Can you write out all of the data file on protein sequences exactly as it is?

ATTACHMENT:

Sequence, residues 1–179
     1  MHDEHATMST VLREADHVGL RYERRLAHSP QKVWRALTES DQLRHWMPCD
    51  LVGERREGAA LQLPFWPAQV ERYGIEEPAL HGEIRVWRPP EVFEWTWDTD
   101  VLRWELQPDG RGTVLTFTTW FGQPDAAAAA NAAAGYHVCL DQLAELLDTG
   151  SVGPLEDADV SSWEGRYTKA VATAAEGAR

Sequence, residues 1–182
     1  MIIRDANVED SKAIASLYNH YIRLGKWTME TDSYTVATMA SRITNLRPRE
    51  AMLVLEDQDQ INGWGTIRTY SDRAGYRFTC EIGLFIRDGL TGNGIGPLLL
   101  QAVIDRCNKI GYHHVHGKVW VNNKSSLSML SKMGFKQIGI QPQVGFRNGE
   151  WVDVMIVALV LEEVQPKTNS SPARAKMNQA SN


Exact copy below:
Sequence, residues 1–179
     1  MHDEHATMST VLREADHVGL RYERRLAHSP QKVWRALTES DQLRHWMPCD
    51  LVGERREGAA LQLPFWPAQV ERYGIEEPAL HGEIRVWRPP EVFEWTWDTD
   101  VLRWELQPDG RGTVLTFTTW FGQPDAAAAA NAAAGYHVCL DQLAELLDTG
   151  SVGPLEDADV SSWEGRYTKA VATAAEGAR

Sequence, residues 1–182
     1  MIIRDANVED SKAIASLYNH YIRLGKWTME TDSYTVATMA SRITNLRPRE
    51  AMLVLEDQDQ INGWGTIRTY SDRAGYRFTC EIGLFIRDGL TGNGIGPLLL
   101  QAVIDRCNKI GYHHVHGKVW VNNKSSLSML SKMGFKQIGI QPQVGFRNGE
   151  WVDVMIVALV LEEVQPKTNS SPARAKMNQA SN